There’s an opening scene with a young male and female, listening to music while gazing up to the sky. Their names only show up once and they are Stargazers by trade. They live in different planets and they undergo flashy transformations accompanied by a catchy tune. We never really meet them again, but that’s alright. Once you delve into the realms of Superbeat: XONiC (note the stylised name), you’ll be too busy going with the rhythm to worry about anything else.
Superbeat: XONiC was originally released for PlayStation Vita back in 2015 before finally finding its way to the Switch. As you may have guessed already, it’s a rhythm game: press (or touch) the appropriate buttons in time with the song’s beat.
3, 2, 1… go!
Superbeat: XONiC features a lot of exclusively composed songs for the game. Most of these are available right from the get-go, with more tracks unlocked as you progress with your scores. There are also new downloadable songs released every so often, which are usually priced affordably when they’re not free. Songs range from easy-listen pop tunes all the way to heavy electronic beats. These songs sound great too – headphones are a must to give them justice if you’re playing on handheld.
Aside from the cover art which are custom-made, various visualizers also come with each song. They’re a step above the typical Windows Media Player/iTunes visualizer but they’re never distracting. They sit nicely in the background, providing white noise for your eyes while you deftly match the beat. You can also change the way the prompts come to you: leave them as is and see them ahead of time, or have them appear at the very last second. It’s a great way of creating additional challenge in an already challenging concept.
Speaking of challenges, there are three main modes for everyone to truly get their rhythmic chops going: 4 TRAX, 6 TRAX, and 6 TRAX FX. The numbers denote the amount of fields that notes could potentially land – either two or three on each side. 4 TRAX is the easy mode but can still prove challenging with faster songs. 6 TRAX is the normal mode, and 6 TRAX FX is for seasoned veterans. In fact, 6 TRAX FX is initially locked, probably to prevent undue suffering for newbies.
There’s also the Freestyle Mode where you can play one song at a time. This is the perfect place to practice a specific song or to get acclimated with that one song you just unlocked. 4 and 6 TRAX stages require you to play your choice of three songs in a row, so practice will definitely help you pull off that coveted S++ grade. Or if you just really like a song, you can keep playing that over and over in Freestyle.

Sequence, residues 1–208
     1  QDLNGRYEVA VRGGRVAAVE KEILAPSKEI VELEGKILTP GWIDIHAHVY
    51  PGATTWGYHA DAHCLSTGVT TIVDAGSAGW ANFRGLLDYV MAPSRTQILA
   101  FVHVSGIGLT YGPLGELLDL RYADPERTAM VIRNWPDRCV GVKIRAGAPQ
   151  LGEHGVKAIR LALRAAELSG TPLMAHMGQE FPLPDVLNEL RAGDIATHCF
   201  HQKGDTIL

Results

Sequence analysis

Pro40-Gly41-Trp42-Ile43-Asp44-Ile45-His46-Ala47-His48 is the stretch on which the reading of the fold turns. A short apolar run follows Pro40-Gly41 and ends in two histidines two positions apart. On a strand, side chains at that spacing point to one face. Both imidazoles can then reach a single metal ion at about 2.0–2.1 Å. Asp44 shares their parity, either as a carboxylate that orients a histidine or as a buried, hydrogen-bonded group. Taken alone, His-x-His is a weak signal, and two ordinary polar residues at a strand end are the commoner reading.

Time to shine
Aspiring Stargazers have two ways to play: by pressing the buttons on a controller or by tapping the panels directly on the screen (handheld only). Obviously it’s better when played directly on the screen because you get immediate feedback through your fingers. But if you’re like me who hates accumulating smudges on the Switch’s screen, there’s no choice but to use a controller.
However, controller play is nothing to sneeze at, either. Each button press is responsive to ensure accurate scoring, and you can calibrate them if needed. The only problem is that when the music really gets going and the prompts start bombarding your peripheral vision, being able to keep up with everything becomes its own challenge. Not only do you have to deal with up to six buttons, but you also have to worry about reaching up to the shoulder buttons and minding the analog sticks. The Switch’s Pro Controller becomes crowded very quickly, while the JoyCon’s spacing causes confusion.
Music and gameplay are not the only things that Superbeat: XONiC does well. The game’s interface has a colorful, modern look that’s shiny but never gaudy. It matches the otherwise unmentioned space/stargazer theme very well. Some of the dialog boxes need improvement, however. When prompted with a yes-or-no box, you usually have to tilt the stick one way or press a directional button just to get to yes. Unlike other games where the options are presented as “No” and “Yes” (with “No” as the preselected answer), the box comes up with nothing selected. Depending on your habits, you’ll probably always move towards the right to pick your choice, only to realize that it’s not the one you want. It’s not a gamebreaking problem by any means, but one that is awkward to say the least.
Aside from small complaints here and there, Superbeat: XONiC does a very good job of being a portable game. With just three songs per TRAX session, it becomes a game that’s perfect for short pockets of time. The barrier to entry is not that high either, making this game accessible to a lot of players. If you like rhythm games or just want to jam with great tunes in general, you owe it to yourself to add this game to your library.
Note: Acttil, on behalf of PM Studios, provided a copy for review purposes.